Kaster Kits by Gilbert
Gilbert’s Kaster Kits were a popular toy set in the 1930s that allowed children to cast their toy soldiers out of molten lead. As fun as that may sound, these kits were potentially lethal.
It’s worth noting that the same company that produced the kits made the Gilbert Glass Blowing kit, another hazardous toy that literally allowed kids to play with fire. Children’s toys have come a long way in terms of safety since then.
Belt Buckle Pistol
The Belt Buckle Pistol was a small plastic gun launched in 1959 that fired a brass bullet up to 15 feet in a random direction.
The gun was loaded with a small exploding cap that made a “BANG” noise, and it was worn as a belt buckle right in the crotch area. It’s no surprise that it hurt many children. If you’re thinking of buying one today, you can find them on eBay – but please keep them away from kids.
Dock Model Kits
Model Dockyard was a toy locomotive made in the mid-1800s when child safety standards weren’t a thing. This toy was a miniature train that moved, powered by a steam engine fueled by kerosene or alcohol.
The child had to light it up to make the metal train run, but the trouble was it dripped fuel from the back. It also lacked tracks, so it could easily spread the flammable liquid and set the house on fire!
The mini hammock, which gained popularity in the early 90s, turned out to be an unsafe toy, especially the “Hang Ten” model from EZ Sales. Children would get entangled in it, leading to severe head and brain injuries. It was difficult, if not impossible, for them to escape.
By 1996, ten different toy manufacturers had produced three million mini hammocks, but they were recalled due to safety concerns.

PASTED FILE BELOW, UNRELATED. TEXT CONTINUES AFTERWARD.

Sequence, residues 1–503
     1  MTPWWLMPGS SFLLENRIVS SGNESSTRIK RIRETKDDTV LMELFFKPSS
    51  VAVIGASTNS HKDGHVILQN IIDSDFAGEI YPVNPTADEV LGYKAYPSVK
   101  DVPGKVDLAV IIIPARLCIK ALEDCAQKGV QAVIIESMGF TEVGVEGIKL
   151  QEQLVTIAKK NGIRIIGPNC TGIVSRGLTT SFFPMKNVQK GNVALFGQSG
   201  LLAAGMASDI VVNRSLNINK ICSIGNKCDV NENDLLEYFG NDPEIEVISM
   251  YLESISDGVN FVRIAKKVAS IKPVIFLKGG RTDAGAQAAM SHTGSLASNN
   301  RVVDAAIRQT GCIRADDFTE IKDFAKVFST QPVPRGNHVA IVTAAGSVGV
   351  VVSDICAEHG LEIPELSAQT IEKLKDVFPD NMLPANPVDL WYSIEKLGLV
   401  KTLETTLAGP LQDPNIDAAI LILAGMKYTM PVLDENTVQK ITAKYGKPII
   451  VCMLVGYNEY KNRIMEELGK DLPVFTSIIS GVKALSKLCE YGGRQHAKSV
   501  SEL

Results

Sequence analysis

The moon shoes were all the rage in the 90s and were called trampolines for the feet. Although they may have looked cool, they did pose a significant danger to children wearing them.
Anyone who saw them would think, “someone is bound to twist their ankle in these.” Sadly, the manufacturer only realized the mistake after numerous reports of hurt children surfaced.
Radio-Controlled Sky Rangers Airplane
Imagine a child playing with a toy airplane, and suddenly it goes up in flames! Terrifying, isn’t it? That’s precisely what happened with the Sky Rangers toys back in 2007.
The manufacturing company had to withdraw them because there were over 50 reports of them randomly exploding while kids were playing with them, causing several injuries. The radio-controlled airplanes were a popular fad among kids, but in the end, they weren’t that kid-friendly.
Paradise Avian Slingshot
The Bird of Paradise slingshot wasn’t just any ordinary toy – it was so dangerous that the Consumer Product Safety Commission (CPSC) wanted it banned.
It was the very first toy to be recalled because of injury risk, not because of any harmful chemicals. Why, you ask? Well, the slingshot was a toy that came with super sharp “missiles” that could seriously hurt someone.